Phenylethynylcopper(I)1

[13146-23-1]  · C8H5Cu  · Phenylethynylcopper(I)  · (MW 164.68)

(mild nucleophilic agent for the introduction of the phenylethynyl group,2 formation of phenylallenes,3 and Glazer cross-coupling products4)

Alternate Name: copper(I) phenylacetylide.

Physical Data: bright yellow solid, mp 229 °C;5a IR n(C&tbond;C) 1933 cm-1.5a Vibrational spectra have been reported.5b

Solubility: sol pyridine, THF, ether, acetonitrile, hot cyclohexane, dioxane; insol water.

Analysis of Reagent Purity: gravimetric analysis of derived salts.9 Traces of ammonia are reported to impart a green tinge to the solid.

Preparative Methods: (i) phenylacetylene is treated with either ammoniacal Copper(II) Sulfate and Hydroxylamine hydrochloride (reductant)6 or Copper(I) Iodide in ethanol;7 (ii) phenylacetylene is lithiated, then treated with copper(I) iodide; (iii) phenylacetylene is treated with Copper(I) t-Butoxide.8 Drying: heat (65 °C) under vacuum.

Handling, Storage, and Precautions: all copper(I) acetylides are potentially explosive in the solid state. Use in a fume hood.

Alkynic Couplings.

Copper(I) phenylacetylide participates in efficient coupling with a range of aryl iodides and bromides to give substituted tolanes2,6,7,10,11 which, if possessing an ortho amino or hydroxy group, can be thermolyzed to yield 2-phenylbenzofurans, -indoles, and -furo[3,2-b]pyridines (eq 1).12 The reactions are usually conducted in refluxing DMF or pyridine (see also 3-Methyl-3-buten-1-ynylcopper(I), 1-Hexynylcopper(I), 1-Pentynylcopper(I)).

Application of the cross-coupling sequence has been extended to bromo quinones, where milder conditions ensuing from use of a palladium catalyst (eq 2) allow this transformation to proceed with ease and high efficiency (77% yield).13

Coupling to acyl chlorides is reported to be facile (eq 3),14 allowing direct access to a-alkynones. The couplings are promoted by Lithium Iodide, as lithium chloride was found to be inferior;14 in some cases addition of Hexamethylphosphorous Triamide is necessary.15 This protocol has been applied in the synthesis of natural products.16 By forming copper(I) phenylacetylide in situ using phenylacetylene and Copper(I) Bromide in the presence of Diisopropylamine, intermolecular addition to formaldehyde has been demonstrated, giving a potentially versatile route to other substituted allenes (eq 4).3 Under oxidative conditions, it is possible to couple copper(I) acetylides to form (in this instance) diphenylbutadiyne. The procedure, known as the Glaser coupling, has been reported to proceed either in solution or in the solid state.4 It is also possible to couple copper(I) phenylacetylide with cyanogen bromide to form phenylpropynenitrile,17 and with alkylcopper reagents to form disubstituted alkynes.18 Nucleophilic addition of copper phenylacetylide to organotungsten complexes proceeds with regiocontrol (eq 5), giving ultimate access to enynes.19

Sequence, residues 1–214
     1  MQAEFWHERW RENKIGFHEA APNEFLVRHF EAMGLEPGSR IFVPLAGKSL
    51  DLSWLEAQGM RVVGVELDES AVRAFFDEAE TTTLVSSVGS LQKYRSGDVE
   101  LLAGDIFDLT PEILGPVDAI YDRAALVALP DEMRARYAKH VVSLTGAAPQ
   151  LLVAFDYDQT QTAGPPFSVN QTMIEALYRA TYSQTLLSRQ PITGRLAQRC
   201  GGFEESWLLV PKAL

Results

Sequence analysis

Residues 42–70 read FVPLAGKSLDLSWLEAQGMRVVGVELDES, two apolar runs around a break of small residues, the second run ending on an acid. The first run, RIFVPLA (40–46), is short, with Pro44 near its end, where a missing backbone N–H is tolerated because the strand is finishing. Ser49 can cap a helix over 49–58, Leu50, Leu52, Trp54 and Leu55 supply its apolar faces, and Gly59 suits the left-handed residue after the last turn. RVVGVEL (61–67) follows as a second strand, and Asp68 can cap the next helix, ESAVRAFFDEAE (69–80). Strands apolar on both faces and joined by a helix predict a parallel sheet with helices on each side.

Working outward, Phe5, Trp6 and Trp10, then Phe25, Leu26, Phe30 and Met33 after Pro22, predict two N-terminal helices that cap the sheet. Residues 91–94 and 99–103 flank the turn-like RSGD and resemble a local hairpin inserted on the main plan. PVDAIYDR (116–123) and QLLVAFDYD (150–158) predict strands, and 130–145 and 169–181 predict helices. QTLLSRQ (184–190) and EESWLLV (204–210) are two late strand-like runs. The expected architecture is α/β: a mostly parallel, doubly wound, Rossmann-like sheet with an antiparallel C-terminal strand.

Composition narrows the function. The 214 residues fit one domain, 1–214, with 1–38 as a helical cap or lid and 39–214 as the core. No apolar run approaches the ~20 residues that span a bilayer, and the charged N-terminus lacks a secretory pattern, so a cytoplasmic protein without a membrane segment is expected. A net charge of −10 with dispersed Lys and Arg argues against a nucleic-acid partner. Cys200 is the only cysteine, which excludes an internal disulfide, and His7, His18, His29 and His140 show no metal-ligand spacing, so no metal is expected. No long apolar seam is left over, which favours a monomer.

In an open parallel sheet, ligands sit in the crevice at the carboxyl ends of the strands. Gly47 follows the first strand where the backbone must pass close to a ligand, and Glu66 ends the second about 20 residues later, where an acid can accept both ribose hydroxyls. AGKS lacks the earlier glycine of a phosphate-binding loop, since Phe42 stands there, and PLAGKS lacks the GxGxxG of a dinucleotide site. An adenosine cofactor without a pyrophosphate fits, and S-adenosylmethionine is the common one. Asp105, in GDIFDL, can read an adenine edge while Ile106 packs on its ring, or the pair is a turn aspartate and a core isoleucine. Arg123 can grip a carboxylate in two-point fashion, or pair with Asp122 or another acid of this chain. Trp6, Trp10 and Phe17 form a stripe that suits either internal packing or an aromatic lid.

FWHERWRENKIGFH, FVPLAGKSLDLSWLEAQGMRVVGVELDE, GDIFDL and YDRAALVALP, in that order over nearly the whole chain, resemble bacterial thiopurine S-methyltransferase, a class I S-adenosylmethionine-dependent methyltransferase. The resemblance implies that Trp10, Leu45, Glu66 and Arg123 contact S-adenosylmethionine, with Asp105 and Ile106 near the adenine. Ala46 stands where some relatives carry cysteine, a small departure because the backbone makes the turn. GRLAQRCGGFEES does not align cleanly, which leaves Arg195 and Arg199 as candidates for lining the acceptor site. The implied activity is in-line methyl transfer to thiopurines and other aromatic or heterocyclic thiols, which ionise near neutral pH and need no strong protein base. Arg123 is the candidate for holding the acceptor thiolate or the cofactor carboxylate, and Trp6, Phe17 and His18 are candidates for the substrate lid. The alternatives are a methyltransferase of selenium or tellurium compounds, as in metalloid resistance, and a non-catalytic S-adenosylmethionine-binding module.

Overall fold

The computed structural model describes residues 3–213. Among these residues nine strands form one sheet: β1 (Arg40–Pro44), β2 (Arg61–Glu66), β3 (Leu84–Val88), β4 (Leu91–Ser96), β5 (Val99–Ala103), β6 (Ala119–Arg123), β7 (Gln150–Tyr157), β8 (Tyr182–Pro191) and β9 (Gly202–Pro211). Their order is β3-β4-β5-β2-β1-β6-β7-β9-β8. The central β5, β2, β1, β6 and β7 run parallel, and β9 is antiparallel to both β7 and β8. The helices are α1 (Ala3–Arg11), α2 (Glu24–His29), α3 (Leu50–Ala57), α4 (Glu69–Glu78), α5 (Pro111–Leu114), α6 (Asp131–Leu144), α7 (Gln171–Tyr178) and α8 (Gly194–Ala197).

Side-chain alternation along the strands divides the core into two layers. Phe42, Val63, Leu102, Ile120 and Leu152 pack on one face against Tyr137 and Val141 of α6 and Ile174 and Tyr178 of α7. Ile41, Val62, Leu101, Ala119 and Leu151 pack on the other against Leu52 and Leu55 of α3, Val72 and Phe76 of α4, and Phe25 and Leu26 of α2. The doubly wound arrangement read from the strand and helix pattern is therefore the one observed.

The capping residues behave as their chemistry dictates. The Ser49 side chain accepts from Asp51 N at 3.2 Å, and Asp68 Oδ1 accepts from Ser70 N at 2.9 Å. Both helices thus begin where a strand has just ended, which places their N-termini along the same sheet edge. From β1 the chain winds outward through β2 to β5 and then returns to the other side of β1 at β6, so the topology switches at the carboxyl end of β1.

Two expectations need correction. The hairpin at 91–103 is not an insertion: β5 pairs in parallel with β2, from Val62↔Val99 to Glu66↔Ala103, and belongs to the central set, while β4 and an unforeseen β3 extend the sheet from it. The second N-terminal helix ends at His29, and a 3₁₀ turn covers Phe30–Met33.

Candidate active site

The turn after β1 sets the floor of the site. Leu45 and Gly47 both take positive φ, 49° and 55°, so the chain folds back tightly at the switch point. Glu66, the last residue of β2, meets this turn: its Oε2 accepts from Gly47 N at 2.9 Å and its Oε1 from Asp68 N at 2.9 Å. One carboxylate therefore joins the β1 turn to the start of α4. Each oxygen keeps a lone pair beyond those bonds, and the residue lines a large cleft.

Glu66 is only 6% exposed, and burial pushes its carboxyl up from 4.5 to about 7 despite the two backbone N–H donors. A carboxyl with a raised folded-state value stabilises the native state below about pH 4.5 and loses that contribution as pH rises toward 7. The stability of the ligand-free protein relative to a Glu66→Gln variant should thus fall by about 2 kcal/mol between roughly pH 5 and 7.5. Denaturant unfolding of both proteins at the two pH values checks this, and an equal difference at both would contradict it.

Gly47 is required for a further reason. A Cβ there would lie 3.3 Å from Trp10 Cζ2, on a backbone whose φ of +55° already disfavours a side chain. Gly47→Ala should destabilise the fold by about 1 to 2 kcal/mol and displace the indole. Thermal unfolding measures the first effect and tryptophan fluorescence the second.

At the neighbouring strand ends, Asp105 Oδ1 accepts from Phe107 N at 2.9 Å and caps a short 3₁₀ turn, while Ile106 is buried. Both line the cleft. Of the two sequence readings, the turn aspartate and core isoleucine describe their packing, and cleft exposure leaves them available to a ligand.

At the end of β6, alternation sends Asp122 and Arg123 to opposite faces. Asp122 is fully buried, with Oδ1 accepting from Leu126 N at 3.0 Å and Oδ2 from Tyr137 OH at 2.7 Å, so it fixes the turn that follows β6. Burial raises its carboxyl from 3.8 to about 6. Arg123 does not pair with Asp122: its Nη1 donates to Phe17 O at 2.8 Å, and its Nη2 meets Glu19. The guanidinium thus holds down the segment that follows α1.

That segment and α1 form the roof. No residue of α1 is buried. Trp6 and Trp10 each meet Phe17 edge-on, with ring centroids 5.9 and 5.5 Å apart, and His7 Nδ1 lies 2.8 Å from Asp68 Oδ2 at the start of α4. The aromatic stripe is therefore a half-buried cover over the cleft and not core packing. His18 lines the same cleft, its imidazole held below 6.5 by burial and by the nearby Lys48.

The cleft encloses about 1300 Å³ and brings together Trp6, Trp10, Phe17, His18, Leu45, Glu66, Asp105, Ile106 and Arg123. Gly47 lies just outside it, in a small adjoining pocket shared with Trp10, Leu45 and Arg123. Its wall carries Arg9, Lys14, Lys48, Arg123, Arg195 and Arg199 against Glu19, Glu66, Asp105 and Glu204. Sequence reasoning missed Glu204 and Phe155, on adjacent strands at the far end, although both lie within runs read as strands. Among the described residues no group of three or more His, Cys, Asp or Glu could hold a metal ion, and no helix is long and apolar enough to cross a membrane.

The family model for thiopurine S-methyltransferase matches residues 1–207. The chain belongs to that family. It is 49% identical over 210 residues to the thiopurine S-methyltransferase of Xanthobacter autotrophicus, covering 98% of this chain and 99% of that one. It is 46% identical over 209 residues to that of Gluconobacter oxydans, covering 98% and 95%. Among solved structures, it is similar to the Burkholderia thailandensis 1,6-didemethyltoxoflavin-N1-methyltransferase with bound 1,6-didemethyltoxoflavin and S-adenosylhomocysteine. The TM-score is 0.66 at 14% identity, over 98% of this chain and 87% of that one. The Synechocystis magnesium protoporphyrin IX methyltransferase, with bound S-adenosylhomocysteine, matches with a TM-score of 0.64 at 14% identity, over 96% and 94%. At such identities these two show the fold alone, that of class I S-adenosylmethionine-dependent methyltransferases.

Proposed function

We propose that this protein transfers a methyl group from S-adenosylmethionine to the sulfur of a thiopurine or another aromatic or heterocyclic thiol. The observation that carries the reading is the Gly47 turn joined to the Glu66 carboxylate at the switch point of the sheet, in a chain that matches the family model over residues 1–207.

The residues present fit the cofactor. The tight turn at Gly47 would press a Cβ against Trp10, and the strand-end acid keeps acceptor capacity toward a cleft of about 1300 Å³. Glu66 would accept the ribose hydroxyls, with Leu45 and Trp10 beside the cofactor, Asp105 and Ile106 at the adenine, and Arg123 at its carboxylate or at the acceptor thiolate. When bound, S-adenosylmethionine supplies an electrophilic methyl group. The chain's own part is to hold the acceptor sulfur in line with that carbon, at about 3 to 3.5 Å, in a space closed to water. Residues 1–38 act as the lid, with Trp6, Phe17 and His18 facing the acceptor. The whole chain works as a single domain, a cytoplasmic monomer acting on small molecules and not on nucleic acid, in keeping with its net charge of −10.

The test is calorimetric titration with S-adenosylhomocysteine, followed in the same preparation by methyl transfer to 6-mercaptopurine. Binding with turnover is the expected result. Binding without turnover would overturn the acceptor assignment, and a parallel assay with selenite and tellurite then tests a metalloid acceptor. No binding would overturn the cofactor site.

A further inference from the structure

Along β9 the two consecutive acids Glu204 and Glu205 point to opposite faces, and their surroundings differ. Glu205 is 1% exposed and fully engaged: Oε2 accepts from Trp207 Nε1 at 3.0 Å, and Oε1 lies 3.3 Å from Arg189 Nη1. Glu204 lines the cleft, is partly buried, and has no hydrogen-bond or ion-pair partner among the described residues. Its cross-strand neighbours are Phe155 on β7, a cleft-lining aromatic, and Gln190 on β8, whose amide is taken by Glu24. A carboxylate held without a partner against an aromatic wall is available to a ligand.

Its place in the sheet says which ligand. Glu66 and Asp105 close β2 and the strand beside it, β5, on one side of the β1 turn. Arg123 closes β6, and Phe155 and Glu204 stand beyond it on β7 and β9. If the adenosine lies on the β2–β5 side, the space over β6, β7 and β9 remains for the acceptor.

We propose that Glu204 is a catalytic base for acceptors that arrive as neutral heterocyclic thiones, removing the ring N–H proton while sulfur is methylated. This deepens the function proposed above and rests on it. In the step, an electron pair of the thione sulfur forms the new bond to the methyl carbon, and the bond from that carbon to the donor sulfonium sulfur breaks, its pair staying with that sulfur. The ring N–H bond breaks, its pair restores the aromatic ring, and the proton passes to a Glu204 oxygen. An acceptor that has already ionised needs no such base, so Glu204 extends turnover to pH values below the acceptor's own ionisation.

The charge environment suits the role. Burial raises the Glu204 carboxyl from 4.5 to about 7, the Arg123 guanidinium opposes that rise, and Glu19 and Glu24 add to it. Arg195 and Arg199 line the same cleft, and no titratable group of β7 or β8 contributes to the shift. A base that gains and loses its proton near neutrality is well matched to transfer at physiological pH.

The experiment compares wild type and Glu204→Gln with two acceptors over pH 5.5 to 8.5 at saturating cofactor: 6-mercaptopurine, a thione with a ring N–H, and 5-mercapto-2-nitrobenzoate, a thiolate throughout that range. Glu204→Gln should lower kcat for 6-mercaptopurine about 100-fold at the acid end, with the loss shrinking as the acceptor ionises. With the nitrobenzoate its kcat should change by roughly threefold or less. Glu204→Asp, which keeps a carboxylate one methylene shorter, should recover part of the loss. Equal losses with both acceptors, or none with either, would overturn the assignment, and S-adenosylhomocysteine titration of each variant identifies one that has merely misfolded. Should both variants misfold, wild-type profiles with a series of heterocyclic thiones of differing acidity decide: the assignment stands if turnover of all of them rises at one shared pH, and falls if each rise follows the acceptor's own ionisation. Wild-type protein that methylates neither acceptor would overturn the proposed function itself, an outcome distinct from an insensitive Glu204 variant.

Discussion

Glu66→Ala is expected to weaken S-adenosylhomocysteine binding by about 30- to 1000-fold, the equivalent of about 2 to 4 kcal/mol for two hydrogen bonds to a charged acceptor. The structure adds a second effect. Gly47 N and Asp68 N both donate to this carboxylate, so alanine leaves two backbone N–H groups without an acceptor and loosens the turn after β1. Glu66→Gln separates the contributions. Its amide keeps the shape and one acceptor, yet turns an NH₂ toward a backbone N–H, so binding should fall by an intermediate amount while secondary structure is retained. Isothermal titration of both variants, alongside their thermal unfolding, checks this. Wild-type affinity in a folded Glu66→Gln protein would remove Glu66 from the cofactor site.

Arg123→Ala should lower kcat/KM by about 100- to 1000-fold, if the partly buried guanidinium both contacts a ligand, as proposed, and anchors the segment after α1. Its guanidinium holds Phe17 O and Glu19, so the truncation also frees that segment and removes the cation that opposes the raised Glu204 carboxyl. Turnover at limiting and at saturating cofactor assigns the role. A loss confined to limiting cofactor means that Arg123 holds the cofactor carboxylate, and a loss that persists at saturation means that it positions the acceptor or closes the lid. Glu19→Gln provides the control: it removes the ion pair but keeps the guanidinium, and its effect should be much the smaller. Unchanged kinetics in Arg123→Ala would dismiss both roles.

Other applications of copper(I) phenylacetylide include 2-phenylethynylation of N-benzyloxypyridinium salts,20 [3 + 2] cycloaddition to nitrones (which gives mixtures of azetidin-2-ones: see 1-Hexynylcopper(I)),21 nucleophilic addition to the tetrathiatriazepinium cation,22 and coupling to activated amines to yield terminal N,N-dialkylalkynic amines.23

Related Reagents.

3,3-Dimethyl-1-butynylcopper(I); Phenylethynylcopper(I)-Tris(tributylphosphine).


1. (a) Normant, J. F. S 1972, 63. (b) Sladkov, A. M.; Gol'ding, I. R. RCR 1979, 48, 868. (c) Lipshutz, B. H.; Sengupta, S. OR 1992, 41, 135. (d) FF 1974, 4, 101. (e) FF 1979, 7, 237. (f) FF 1986, 12, 143.
2. Castro, C. E.; Stephens, R. D. JOC 1963, 28, 2163.
3. Searles, S.; Li, Y.; Nassim, B.; Lopes, M. T. R.; Tran, P. T.; Crabbe, P. JCS(P1) 1984, 747.
4. Toda, F.; Tokumaru, Y. CL 1990, 987.
5. (a) Okamoto, Y.; Kundu, S. K. J. Phys. Chem. 1973, 77, 2677. (b) Aleksanyan, V. T.; Garbuzova, I. A.; Golding, I. R.; Sladkov, A. M. Spectrochim. Acta 1975, 31A, 517.
6. Castro, C. E.; Gaughan, E. J.; Owsley, D. C. JOC 1966, 31, 4073.
7. Stephens, R. D.; Castro, C. E. JOC 1963, 28, 3313.
8. Tsuda, T.; Hashimoto, T.; Saegusa, T. JACS 1972, 94, 658.
9. Straus, F. LA 1905, 342, 190.
10. Clive, D. L. J.; Angoh, A. G.; Bennett, S. M. JOC 1987, 52, 1339.
11. (a) Korshunov, S. P.; Katkevich, R. I.; Vereshchagin, L. I. ZOR 1967, 3, 1327. (b) Bossenbroek, B.; Sanders, D. C.; Curry, H. M.; Shechter, H. JACS 1969, 91, 371.
12. Owsley, D. C.; Castro, C. E. OS 1972, 52, 128; OSC 1988, 6, 916.
13. Clive, D. L. J.; Khodabocus, A.; Vernon, P. G.; Angoh, A. G.; Bordeleau, L.; Middleton, D. S.; Lowe, C.; Kellner, D. JCS(P1) 1991, 1433.
14. Normant, J. F.; Bourgain, M. TL 1970, 2659.
15. Bourgain, M.; Normant, J. F. BSF(2) 1973, 2137.
16. Lewis, M. D.; Duffy, J. P.; Heck, J. V.; Menes, R. TL 1988, 29, 2279.
17. Compagnon, P. L.; Grosjean, B. S 1976, 448.
18. Levene, R.; Becker, J. Y.; Klein, J. JOM 1974, 67, 467.
19. Cheng, M. H.; Ho, Y. H.; Lee, G. H.; Peng, S. M.; Liu, R. S. CC 1991, 697.
20. Nishiwaki, N.; Minakata, S.; Komatsu, M.; Ohshiro, Y. CL 1989, 773.
21. For example, see Ding, L. K.; Irwin, W. J. JCS(P1) 1976, 2382.
22. Dunn, P. J.; Rees, C. W. JCS(P1) 1989, 2489.
23. Boche, G.; Bernheim, M.; Niessner, M. AG(E) 1983, 22, 53.

Graham B. Jones & Brant J. Chapman

Clemson University, SC, USA



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